Every Friday in the offseason, right around 4 p.m., Penn State coach Rob Cooper held hour-long meetings.
He and his players would review “Heads-up Baseball,” a book focused on developing the mental aspect of the game. They discussed it and completed a few homework assignments.
The meetings provided a glimpse into Cooper’s coaching style as he prepared for his first year leading the Nittany Lions.
“It’s really translated,” pitcher Geoff Boylston said. “And you can clearly see it with all the other guys, they’ve really been able to up their performances.”
Thirty games into this season, Penn State has already surpassed last season’s win total and is off to one of its best Big Ten starts in program history. The Nittany Lions continued their strong start Tuesday night with an 8-4 win over West Virginia (16-12) at
Medlar Field. Boylston, a redshirt junior, earned the win in his first career start, limiting the Mountaineers to three runs in 5 2/3 innings. Relievers Dakota Forsyth and Jack Anderson combined to close out the win, allowing one run on four hits.
Penn State (16-14, 4-1) has won 11 of its last 13 games. The Nittany Lions will begin a three-game series at Ohio State on Friday.
Penn State went 14-36 and 4-20 in the Big Ten last season under former coach Robbie Wine.
Cooper took over after nine years at Wright State. The Penn State players bought into Cooper’s vision for the program immediately.
“We’ve all bought in from the beginning,” said Penn State redshirt senior Steve Snyder, who went 2-for-4 with two runs and two RBIs Tuesday. “And I just think it’s really clicking right now, so from top to bottom of our lineup, all of our pitchers, they’re doing a great job, so I think everything’s just clicking, and we’re just rolling with it.”
Cooper credited the senior class for the smooth start to his tenure.
“I just told our seniors in there that this is a group of seniors that when I’m done coaching one day,” Cooper said. “And I’m gonna look back on this group and I won’t be able to fully express to them what they’ve meant to us.”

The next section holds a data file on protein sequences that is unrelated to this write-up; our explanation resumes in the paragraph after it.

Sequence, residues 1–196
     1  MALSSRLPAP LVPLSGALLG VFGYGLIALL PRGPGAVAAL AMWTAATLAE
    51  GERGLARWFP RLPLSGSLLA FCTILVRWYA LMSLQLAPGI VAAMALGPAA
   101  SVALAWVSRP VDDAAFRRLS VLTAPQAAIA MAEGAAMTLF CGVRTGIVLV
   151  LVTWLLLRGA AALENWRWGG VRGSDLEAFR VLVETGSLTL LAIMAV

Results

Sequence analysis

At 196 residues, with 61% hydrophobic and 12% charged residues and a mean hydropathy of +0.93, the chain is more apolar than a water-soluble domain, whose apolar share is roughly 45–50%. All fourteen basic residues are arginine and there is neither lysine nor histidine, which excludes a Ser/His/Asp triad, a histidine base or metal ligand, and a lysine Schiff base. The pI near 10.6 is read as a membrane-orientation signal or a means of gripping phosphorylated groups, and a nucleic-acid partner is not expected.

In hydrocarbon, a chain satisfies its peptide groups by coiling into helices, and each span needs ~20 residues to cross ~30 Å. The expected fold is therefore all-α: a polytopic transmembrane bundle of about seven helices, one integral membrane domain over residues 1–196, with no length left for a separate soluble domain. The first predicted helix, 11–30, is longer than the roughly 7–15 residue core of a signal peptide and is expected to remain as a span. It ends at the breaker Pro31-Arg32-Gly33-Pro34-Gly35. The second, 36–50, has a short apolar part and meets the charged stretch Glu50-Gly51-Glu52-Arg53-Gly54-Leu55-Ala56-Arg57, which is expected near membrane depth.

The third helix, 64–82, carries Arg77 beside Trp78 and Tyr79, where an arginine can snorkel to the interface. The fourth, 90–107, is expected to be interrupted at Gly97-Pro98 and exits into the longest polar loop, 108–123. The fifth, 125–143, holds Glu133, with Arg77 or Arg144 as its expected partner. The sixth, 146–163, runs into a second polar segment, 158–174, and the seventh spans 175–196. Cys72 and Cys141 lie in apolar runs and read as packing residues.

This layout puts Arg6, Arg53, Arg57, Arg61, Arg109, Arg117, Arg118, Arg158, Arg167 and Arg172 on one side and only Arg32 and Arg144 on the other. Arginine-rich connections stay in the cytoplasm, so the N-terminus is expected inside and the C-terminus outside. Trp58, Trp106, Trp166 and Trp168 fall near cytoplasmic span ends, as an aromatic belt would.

But in the same breath, he put the Nittany Lions’ hot start into perspective.
“Let’s not get ahead of ourselves, we’re halfway through the season,” Cooper said. “The season’s not over yet and we got a lot of baseball to play.”
Still, Cooper appreciates his players’ decision to adapt to the coaching change.
It would have been easy for the seniors to resist change and approach the game as they had in the past. But as Snyder said, they trusted Cooper and bought in from the start.
And now a foundation is set for the future.
Cooper’s focus on building mental toughness played a large part in that process. The coach views the mental aspect as another skill in the game, something to practice like bunting and situational hitting.
So he held the meetings, and he talks about routines and techniques — deep breaths, finding focal points — to deal with the stress and failure that come with the game.
Boylston saw the payoff Tuesday. After allowing three runs in the first two innings, he settled in held the Mountaineers scoreless before exiting in the sixth.
“I’ve definitely experienced drastic improvement in my game as a whole ever since I started buying into the whole mental game aspect,” Boylston said. “Because for example, if you take the situation where I give up three runs in two innings last year, guarantee that’s six (runs) because I wasn’t mentally tough.”
Penn State is playing with confidence this season.
Cooper deflected all credit for the success to his players, who improved the Nittany Lions’ home record to 8-0, the best home start since winning the first eight games in 1979.
“Right now, just being around these guys, I feel like we have a chance to win,” Cooper said. “It felt like that at Purdue, it felt like that at Bucknell and obviously it’s been like that at home.”
The early turnaround is only a good start for Penn State.
But the hot streak offers a glimpse of Cooper’s vision for the program.
“The thing that’s been happening the last three weeks is that it’s the exact same approach every game,” Cooper said. “And when you start to do that, it starts becoming a culture hopefully.”